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Oxford University sets up new centre on religious relics

A new centre at the University of Oxford will use scientific methods to assess the authenticity of religious relics and learn more about their history.

world Updated: Oct 14, 2015 00:19 IST
Prasun Sonwalkar
Prasun Sonwalkar
Hindustan Times

Are religious relics imbued with miraculous powers? This may be the belief among many Christians, but a new centre at the University of Oxford will now use scientific methods to assess their authenticity and learn more about their history.

Ancient Christian relics are objects that survive from ancient times, often associated with a saint’s body or their belongings, and usually kept as objects of historical interest or spiritual devotion. The centre was launched on Tuesday, a university release said.

For the first time, a large team of researchers will use radiocarbon dating, genetics and theology to learn more about the origin and movement of religious relics that have been attributed to specific individuals.

The release added that researchers will use the latest scientific methods, such as higher precision radiocarbon dating that can pinpoint chronologies; DNA analysis that establishes common ancestries and the probable geographic origin of an individual; and historical and material evidence to identify objects of special interest and set scientific data in their proper context.

Oxford researchers have previously used the Radiocarbon Accelerator Unit to date the Shroud of Turin, regarded by some as the burial cloth of Christ. Three university labs were involved and between them concluded that the cloth was manufactured between 1260 and 1390.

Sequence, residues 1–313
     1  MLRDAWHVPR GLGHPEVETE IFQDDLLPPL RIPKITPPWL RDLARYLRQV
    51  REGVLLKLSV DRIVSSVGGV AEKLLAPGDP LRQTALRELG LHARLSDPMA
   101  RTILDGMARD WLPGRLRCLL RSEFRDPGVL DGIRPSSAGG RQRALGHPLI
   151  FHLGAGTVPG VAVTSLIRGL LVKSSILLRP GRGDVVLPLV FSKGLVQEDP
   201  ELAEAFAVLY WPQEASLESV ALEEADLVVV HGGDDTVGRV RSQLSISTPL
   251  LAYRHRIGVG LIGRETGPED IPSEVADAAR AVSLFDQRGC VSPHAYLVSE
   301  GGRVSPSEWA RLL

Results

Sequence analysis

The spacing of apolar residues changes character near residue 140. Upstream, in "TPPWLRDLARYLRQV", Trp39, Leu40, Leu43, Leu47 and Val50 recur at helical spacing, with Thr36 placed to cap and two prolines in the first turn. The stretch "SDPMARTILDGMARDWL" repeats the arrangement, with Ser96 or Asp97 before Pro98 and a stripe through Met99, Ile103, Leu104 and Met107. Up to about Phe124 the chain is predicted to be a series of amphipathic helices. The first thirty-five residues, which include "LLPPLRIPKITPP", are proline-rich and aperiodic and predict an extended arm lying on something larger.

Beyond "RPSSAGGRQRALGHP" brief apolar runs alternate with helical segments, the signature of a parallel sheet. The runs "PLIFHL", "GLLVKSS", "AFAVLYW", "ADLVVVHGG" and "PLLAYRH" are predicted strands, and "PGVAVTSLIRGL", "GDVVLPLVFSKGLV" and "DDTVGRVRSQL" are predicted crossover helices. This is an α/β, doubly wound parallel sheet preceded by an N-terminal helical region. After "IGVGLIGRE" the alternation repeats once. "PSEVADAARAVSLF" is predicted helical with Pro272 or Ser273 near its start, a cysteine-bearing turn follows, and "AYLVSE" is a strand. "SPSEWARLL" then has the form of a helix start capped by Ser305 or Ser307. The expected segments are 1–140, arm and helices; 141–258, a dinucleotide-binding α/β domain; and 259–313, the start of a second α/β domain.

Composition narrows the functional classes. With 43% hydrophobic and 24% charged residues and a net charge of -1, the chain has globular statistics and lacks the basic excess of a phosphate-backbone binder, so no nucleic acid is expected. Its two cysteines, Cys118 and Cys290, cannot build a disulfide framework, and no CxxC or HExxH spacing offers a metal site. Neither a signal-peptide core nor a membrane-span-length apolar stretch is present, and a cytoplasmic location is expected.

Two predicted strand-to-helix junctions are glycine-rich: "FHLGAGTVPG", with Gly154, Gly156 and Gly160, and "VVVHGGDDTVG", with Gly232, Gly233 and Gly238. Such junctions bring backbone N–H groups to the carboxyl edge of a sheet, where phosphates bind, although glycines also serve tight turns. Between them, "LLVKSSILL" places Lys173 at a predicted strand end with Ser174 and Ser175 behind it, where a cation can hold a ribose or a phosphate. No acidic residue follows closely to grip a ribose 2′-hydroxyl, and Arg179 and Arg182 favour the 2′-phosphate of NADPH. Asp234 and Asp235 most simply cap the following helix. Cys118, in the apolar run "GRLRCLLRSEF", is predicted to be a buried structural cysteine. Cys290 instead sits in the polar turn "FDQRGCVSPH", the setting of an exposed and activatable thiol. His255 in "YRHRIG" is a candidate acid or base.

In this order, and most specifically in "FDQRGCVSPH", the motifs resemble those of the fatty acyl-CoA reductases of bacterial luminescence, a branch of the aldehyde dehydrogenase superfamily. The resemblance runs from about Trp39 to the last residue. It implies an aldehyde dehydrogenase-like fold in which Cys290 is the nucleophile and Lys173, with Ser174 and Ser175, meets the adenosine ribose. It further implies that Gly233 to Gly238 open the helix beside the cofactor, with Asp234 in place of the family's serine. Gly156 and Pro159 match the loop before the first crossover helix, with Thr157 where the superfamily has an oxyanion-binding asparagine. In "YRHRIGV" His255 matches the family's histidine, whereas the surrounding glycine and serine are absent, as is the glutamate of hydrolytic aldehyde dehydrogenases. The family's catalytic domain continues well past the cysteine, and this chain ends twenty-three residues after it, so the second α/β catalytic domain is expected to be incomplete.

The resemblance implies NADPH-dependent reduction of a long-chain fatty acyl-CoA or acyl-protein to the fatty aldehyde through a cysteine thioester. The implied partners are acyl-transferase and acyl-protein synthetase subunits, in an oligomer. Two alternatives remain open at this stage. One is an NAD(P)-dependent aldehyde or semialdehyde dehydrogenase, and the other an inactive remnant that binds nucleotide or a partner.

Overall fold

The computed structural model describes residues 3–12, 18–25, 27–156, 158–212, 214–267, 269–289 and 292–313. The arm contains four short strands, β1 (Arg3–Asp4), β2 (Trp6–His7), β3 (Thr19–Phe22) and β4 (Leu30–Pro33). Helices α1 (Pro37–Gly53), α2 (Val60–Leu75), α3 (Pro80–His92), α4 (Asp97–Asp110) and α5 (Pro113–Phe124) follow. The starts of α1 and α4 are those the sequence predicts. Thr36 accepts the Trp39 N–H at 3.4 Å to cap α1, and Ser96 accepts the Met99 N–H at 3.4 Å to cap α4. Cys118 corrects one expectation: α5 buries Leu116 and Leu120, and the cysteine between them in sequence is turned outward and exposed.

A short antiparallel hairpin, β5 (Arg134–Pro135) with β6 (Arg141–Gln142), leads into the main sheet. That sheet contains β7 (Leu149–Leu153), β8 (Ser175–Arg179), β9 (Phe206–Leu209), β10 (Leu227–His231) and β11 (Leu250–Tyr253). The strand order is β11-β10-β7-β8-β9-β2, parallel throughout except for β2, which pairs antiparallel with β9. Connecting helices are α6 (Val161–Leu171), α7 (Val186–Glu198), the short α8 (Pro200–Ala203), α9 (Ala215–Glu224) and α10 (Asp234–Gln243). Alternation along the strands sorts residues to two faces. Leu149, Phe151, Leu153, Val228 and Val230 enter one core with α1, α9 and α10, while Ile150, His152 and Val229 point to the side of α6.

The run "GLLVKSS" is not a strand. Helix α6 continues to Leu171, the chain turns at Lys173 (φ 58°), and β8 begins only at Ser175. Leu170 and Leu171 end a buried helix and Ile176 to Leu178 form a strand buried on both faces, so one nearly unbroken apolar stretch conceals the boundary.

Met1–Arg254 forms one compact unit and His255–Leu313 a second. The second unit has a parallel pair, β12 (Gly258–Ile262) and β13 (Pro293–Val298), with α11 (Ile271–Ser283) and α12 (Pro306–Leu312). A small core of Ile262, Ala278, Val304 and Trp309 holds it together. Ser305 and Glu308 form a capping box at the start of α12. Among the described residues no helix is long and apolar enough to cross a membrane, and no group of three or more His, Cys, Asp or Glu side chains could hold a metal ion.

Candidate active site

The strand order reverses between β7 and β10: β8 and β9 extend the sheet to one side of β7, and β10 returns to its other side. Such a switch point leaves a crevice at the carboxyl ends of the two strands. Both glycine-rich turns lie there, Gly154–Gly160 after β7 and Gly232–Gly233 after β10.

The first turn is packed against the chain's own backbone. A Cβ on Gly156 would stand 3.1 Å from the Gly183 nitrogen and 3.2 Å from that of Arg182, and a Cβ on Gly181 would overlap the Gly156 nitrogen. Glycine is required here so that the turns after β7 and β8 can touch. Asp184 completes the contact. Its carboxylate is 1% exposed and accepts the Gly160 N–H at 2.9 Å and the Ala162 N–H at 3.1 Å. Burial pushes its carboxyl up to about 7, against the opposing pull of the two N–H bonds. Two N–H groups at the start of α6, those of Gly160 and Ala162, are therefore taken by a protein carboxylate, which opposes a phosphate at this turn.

Thomas Higham, deputy director of the Radiocarbon Accelerator Unit, said: “It’s the first time that scholars from many different disciplines have collaborated in the ongoing study of ancient religious relics”.

“We will not be able to say with 100% certainty that they belong to a particular individual who is celebrated as a saint. Nevertheless, through gathering a body of evidence we will be able to say whether or not the remains originate from the same time and place as the attributed saint”.

Georges Kazan of the School of Archaeology said: “The Christian belief that relics were imbued with miraculous powers, granting benefits both in this world and the next, resulted in widespread demand and circulation, particularly in The Middle Ages”.

He added: “Scientific analysis has now shown that a number of relics attributed to specific saints are counterfeit or misidentified, but others may be of the time and place where a particular “holy” person lived.”